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ARS Home » Midwest Area » Columbia, Missouri » Biological Control of Insects Research » Research » Publications at this Location » Publication #396849

Research Project: Biologically-Based Products for Insect Pest Control and Emerging Needs in Agriculture

Location: Biological Control of Insects Research

Title: The Wnt gene family in Tenebrio molitor and other coleopterans

Author
item YANG, LIN - Southwest Forestry University
item LI, GUANG-YA - Southwest Forestry University
item LI, XING-YAN - Southwest Forestry University
item WU, CHAO-YAN - Southwest Forestry University
item WANG, JUN - Southwest Forestry University
item SONG, QI-SHENG - University Of Missouri
item Stanley, David
item WEI, SHU-JUN - Southwest Forestry University
item ZHU, JIA-YING - Southwest Forestry University

Submitted to: Archives of Insect Biochemistry and Physiology
Publication Type: Peer Reviewed Journal
Publication Acceptance Date: 4/30/2022
Publication Date: 5/18/2022
Citation: Yang, L., Li, G., Li, X., Wu, C., Wang, J., Song, Q., Stanley, D.W., Wei, S., Zhu, J. 2022. The Wnt gene family in Tenebrio molitor and other coleopterans. Archives of Insect Biochemistry and Physiology. Article e21915. https://doi.org/10.1002/arch.21915.
DOI: https://doi.org/10.1002/arch.21915

Interpretive Summary: Applications of chemical insecticides began in the U.S. in the 1930s. Beginning in the 1950s, widespread insecticide applications led to increased crop production in many industrialized nations. However, the insecticide applications let to serious environmental issues and to pest insect resistance to the insecticides. These negative outcomes led to research meant to support higher crop production while reducing issues associated with insecticide applications. The research led to new technologies, such as environmentally compatible insecticidal chemistries and insecticide resistance management programs. More recently, advances in genetics prompted research into possible genetic insect management technologies. The problem with the new approach is sufficient information on insect genes to support research is lacking. In this paper, we provide new information on nearly 150 new genes that act in the life cycle of pest beetle species. Scientists around the world will use this new information to develop new genetic-based insect management technologies. This approach will lead to abundant and safe foods for a growing human population.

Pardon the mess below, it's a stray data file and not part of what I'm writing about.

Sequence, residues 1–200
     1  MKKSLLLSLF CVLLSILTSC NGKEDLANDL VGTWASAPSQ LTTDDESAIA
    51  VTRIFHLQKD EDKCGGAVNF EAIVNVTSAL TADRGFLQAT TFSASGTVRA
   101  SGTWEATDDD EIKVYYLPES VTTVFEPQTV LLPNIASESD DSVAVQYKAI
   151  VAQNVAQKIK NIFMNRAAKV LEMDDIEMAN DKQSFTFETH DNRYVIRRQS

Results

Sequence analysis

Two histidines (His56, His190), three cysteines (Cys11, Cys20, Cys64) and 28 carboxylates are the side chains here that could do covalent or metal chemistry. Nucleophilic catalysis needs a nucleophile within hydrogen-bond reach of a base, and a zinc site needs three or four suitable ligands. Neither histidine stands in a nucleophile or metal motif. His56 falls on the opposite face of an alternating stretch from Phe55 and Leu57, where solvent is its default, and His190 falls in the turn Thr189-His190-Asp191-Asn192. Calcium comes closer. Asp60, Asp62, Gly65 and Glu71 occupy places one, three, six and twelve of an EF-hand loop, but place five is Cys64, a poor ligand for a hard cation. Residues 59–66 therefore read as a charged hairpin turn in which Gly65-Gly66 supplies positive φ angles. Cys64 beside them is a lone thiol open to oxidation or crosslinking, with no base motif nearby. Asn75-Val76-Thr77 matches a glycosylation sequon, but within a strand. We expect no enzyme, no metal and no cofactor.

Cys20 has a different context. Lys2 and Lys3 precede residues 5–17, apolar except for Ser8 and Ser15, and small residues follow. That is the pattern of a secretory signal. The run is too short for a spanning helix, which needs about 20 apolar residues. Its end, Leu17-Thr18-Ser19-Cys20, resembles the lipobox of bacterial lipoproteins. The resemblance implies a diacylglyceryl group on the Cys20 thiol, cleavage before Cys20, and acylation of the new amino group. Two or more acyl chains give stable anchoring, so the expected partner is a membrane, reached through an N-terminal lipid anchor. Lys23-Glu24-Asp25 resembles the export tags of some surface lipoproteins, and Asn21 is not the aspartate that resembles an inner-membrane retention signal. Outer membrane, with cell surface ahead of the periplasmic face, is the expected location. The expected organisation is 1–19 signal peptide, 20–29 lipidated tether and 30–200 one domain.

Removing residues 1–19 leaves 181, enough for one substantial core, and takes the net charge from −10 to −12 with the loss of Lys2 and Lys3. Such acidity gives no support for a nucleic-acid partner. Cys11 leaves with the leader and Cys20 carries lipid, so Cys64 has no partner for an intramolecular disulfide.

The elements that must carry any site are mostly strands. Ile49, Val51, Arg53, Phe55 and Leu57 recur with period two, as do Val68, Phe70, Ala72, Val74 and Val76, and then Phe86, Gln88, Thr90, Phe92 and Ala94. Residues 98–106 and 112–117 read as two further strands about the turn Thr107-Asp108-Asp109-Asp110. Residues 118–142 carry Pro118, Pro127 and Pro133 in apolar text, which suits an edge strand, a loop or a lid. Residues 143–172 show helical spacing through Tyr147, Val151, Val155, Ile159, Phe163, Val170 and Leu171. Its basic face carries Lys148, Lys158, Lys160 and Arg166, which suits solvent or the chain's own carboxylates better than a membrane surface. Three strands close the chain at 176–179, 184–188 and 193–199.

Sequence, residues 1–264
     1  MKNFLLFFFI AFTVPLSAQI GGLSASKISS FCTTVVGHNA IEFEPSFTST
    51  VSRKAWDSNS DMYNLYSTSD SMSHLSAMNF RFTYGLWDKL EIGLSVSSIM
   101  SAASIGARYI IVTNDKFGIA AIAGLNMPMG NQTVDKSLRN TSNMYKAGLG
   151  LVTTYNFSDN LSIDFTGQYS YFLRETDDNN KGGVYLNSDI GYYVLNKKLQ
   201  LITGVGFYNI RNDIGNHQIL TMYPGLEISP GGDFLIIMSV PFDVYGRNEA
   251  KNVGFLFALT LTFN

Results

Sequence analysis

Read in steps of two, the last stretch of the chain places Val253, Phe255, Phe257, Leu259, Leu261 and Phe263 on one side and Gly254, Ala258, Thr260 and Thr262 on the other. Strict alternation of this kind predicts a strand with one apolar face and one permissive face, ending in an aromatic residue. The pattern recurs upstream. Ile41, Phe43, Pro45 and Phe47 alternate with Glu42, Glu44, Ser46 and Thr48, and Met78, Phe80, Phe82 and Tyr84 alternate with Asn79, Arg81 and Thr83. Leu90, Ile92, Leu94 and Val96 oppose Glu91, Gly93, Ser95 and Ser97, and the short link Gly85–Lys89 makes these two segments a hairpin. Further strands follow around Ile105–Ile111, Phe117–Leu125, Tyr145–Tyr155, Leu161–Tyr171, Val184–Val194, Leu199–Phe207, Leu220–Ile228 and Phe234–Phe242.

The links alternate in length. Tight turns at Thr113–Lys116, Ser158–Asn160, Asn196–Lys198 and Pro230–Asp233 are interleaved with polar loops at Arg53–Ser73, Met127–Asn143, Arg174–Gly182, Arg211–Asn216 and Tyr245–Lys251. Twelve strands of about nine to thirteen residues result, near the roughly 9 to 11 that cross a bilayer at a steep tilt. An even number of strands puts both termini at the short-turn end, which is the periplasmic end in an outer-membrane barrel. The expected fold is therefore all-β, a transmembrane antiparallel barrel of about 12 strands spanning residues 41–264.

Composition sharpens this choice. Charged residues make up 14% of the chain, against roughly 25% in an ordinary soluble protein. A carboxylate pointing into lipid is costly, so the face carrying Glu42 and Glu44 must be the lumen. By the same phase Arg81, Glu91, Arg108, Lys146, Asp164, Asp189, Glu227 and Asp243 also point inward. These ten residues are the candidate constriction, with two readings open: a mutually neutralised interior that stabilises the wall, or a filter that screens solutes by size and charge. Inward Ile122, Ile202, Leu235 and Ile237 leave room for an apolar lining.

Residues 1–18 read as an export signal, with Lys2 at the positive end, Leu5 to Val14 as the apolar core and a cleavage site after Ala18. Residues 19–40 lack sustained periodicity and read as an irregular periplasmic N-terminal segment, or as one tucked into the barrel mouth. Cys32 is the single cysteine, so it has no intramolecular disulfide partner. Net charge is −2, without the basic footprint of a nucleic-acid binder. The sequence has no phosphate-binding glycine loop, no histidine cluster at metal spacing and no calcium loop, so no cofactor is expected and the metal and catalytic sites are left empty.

Technical Abstract: The Wnt gene family is involved in a wide range of developmental processes. Despite its significance, the evolution and function of Wnt genes remain largely unclear. Here, an exhaustive survey of Wnt genes was conducted in Tenebrio molitor and 17 other beetle genomes. A total of 146 Wnt genes were identified, creating a comprehensive coleoteran Wnt gene catalog. Comparative genomics indicates that dynamic evolutionary patterns of Wnt gene loss and duplication occurred in Coleoptera, leading to the diverse Wnt gene repertoire in various beetles. A striking loss of particular Wnt gene subfamilies occurs in Coleoptera. Remarkably, Wnt gene duplication was discovered for the first time in insects. Further analysis of Wnt gene expression in T. molitor indicates that each Wnt gene, including the duplicated ones, has a unique spatial or temporal expression pattern. The current study provides valuable insight into the evolution and functional validation of Wnt genes in Coleoptera.